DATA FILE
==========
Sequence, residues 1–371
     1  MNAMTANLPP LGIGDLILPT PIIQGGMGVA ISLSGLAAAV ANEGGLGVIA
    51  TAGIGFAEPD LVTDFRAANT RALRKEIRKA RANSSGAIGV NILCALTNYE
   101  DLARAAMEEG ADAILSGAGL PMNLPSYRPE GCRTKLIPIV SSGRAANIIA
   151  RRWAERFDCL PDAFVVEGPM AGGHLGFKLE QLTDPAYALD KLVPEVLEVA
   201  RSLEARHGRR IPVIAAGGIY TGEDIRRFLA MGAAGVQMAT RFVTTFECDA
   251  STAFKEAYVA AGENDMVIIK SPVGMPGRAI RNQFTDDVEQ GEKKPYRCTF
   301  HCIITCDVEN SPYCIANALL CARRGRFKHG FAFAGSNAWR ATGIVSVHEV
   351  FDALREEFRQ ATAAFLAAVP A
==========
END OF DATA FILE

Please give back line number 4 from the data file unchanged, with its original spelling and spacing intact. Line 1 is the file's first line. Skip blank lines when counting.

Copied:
   101  DLARAAMEEG ADAILSGAGL PMNLPSYRPE GCRTKLIPIV SSGRAANIIA